According to a study, poorer people are much more likely to die from COPD (chronic obstructive pulmonary disease) than wealthier patients because of damp housing and low pay. A survey of around 6,000 people living with COPD, one of the most common lung conditions in the United Kingdom, found that structural inequalities had a significant bearing on whether a patient would survive.
Out of around 4,000 people who suffered over two acute attacks per year, such as severe coughing, and breathlessness, 55 percent earned less than 20,000 pounds a year, and 13 percent lived in cold and damp houses.
The research, which was carried out by Asthma + Lung UK, builds on previous findings that poor people with COPD are five times more likely to die than wealthy people with the condition. Over 1.3 million people in the United Kingdom are affected by COPD, which is a group of lung conditions that include chronic bronchitis and emphysema, but many more people are believed to have the disease without knowing about it.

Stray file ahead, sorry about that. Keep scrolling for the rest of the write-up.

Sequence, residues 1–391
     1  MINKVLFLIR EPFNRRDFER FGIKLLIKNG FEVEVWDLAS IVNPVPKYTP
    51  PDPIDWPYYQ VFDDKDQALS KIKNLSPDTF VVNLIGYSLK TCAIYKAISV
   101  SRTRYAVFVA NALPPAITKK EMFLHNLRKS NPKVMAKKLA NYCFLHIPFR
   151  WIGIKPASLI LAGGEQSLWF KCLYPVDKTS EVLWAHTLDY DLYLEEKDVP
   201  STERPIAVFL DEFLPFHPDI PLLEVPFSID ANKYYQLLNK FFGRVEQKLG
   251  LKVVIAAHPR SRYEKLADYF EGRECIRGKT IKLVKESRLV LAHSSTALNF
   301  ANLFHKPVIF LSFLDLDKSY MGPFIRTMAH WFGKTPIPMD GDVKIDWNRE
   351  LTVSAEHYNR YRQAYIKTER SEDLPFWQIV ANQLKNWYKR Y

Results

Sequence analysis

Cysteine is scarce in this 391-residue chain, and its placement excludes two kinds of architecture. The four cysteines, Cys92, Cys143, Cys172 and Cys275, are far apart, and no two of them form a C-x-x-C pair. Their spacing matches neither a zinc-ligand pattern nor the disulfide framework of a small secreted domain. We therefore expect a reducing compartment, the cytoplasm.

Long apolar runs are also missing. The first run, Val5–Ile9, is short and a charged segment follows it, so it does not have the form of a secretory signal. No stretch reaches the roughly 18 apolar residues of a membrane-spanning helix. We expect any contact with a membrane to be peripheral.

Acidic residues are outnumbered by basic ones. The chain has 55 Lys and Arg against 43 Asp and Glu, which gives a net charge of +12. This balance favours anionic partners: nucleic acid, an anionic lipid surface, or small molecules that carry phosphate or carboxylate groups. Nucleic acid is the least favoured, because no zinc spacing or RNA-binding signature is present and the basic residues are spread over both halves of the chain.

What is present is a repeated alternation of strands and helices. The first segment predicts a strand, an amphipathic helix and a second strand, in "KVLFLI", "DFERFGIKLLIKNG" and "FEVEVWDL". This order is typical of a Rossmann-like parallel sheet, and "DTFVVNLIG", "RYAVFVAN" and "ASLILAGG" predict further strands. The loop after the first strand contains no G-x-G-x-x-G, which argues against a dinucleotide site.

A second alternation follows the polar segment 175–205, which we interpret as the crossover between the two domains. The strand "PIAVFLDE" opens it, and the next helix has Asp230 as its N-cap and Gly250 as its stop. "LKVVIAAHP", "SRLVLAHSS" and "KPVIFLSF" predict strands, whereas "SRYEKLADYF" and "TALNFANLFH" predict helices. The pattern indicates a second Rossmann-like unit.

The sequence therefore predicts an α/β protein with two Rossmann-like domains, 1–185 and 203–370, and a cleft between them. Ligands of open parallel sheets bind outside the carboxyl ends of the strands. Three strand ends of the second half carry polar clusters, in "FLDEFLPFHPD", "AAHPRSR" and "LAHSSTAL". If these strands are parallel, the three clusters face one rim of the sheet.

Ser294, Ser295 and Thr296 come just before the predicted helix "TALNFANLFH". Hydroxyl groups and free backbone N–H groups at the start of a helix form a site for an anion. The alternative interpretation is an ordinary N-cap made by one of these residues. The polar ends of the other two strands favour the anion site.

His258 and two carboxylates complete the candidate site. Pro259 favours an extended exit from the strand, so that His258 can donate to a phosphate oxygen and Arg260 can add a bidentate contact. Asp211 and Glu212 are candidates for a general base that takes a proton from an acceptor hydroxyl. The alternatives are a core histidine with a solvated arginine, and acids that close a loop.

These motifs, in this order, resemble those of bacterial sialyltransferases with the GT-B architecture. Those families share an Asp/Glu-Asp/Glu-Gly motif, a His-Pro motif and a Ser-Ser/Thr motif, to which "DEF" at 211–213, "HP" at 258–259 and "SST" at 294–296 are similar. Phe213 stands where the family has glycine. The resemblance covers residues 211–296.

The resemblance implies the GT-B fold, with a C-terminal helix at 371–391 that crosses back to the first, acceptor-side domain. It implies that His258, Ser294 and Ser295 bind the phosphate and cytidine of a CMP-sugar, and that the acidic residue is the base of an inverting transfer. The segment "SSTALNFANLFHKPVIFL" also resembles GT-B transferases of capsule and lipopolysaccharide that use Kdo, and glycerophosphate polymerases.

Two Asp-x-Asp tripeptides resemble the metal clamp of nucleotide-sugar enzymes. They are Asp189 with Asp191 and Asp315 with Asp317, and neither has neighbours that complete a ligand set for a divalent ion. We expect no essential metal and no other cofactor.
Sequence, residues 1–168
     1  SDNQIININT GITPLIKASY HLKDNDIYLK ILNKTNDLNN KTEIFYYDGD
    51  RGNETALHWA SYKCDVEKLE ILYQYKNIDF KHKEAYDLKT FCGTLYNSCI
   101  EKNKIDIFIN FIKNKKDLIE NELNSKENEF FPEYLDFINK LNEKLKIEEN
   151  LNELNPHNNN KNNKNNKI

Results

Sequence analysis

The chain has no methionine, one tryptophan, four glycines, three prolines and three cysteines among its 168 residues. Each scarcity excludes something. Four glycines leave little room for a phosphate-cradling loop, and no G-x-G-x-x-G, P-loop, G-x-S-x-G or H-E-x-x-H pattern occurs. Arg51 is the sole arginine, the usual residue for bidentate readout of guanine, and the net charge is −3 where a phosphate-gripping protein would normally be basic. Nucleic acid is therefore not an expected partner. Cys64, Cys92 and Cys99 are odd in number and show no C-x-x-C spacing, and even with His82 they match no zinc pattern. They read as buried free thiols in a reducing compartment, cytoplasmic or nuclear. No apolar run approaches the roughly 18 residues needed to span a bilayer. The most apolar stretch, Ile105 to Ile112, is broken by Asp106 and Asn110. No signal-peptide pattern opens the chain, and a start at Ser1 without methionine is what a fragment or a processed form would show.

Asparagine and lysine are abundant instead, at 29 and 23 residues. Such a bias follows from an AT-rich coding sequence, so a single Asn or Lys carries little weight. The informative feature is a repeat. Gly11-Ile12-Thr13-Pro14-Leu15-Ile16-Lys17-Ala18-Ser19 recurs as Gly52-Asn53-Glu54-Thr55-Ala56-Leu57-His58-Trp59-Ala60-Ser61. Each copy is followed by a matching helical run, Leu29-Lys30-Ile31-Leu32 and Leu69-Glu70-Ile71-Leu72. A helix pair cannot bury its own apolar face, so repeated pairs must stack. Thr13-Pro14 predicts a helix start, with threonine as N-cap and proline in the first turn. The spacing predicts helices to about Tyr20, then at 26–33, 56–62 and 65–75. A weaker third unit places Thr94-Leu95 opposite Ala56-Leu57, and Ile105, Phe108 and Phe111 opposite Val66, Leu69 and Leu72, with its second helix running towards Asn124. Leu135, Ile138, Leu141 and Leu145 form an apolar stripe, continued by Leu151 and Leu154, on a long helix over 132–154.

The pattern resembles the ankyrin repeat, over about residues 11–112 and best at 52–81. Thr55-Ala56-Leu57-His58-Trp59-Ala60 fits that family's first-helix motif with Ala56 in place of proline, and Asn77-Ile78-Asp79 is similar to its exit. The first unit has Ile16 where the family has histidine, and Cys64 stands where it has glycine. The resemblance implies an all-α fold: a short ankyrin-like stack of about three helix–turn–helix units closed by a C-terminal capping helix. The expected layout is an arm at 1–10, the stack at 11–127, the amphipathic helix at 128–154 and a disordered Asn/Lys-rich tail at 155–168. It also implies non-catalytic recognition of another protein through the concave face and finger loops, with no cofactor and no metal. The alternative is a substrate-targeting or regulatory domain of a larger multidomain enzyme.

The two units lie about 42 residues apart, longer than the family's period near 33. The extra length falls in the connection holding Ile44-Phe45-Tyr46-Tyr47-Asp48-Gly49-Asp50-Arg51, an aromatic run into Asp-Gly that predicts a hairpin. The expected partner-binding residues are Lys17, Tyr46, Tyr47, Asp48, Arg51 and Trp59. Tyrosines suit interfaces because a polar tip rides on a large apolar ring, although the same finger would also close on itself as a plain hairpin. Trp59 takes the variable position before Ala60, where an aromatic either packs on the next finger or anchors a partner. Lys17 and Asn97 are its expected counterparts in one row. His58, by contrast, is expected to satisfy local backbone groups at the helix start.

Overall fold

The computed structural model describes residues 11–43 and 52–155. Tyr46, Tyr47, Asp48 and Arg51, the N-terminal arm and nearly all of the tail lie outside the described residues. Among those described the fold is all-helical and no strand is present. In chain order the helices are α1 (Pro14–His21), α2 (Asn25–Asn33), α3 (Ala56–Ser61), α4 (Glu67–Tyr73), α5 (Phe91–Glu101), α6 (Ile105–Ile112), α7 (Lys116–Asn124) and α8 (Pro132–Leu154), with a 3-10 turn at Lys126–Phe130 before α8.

The symptoms of COPD include breathlessness, wheezing, a constant cough, and coughing up phlegm, and an estimated 30,000 people generally die from COPD each year in the United Kingdom.
10 percent of the poorest people are now five times more likely to die with the COPD condition than the wealthy people, compared with four time of more likely a decade ago.